Becca canoeing!
Almost 200 graduate students were in attendance for the weekend event.  We had all kinds of activities spanning everything from fun and games to worship and learning.  On Saturday we had free time, which I filled with canoeing on the lake, an hour-long hike in the woods, helping to assemble apple pies for dinner, and many rounds of the game Bananagrams.  Other fun activities included a late-night game of Dutch Blitz (that I won!), group games with BU GCF, and a Jack-O-Lantern carving contest between the groups from different schools.  We also had meaningful times of worship, joined in group Bible study with other graduate students from our own schools, built friendships while having fun and around the campfires, and received invaluable advice from people who have been where we are now and are willing to share their experiences by serving on a mentor panel.  We were also challenged to seek balance in our lives and to live now like we want to live the rest of our lives.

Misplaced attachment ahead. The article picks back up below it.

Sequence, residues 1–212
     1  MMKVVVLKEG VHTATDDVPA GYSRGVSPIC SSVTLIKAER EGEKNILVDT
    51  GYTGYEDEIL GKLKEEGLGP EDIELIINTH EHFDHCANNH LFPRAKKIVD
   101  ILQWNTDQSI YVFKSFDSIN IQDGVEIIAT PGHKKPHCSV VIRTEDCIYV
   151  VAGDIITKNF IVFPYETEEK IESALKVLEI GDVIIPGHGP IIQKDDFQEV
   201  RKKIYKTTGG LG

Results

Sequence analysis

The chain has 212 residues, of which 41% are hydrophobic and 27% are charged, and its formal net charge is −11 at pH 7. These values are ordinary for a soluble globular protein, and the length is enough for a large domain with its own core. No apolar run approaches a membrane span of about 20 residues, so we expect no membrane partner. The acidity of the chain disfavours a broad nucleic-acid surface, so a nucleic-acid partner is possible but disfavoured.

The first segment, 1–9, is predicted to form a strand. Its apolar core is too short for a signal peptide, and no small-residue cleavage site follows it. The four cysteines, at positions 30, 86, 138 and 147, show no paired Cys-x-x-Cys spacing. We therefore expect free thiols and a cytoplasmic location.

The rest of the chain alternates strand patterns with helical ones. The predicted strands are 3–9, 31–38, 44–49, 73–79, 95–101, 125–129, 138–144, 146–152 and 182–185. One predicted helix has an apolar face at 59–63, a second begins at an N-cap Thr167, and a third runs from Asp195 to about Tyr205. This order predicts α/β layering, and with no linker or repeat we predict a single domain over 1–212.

Campfire on the beach
On Sunday, I also happened to be celebrating my birthday while on the retreat!  At breakfast they surprised me with a large square of coffee cake and candle and sang happy birthday.  I don't think I could have asked for a better way to spend my first birthday of graduate school than building friendships and being challenged to grow.

It was wonderful to be able to leave behind some of the worries and stresses of graduate school for the weekend.  Don't worry though- I am a geologist through and through.  As I sat on the beach on Sunday morning, I found myself looking down at the sand around my feet and thinking "I wonder how much garnet I could separate out from this sand in the mineral separation lab...." then proceeded to sort through a handful to find a grain to show to a friend so she could see what I am studying!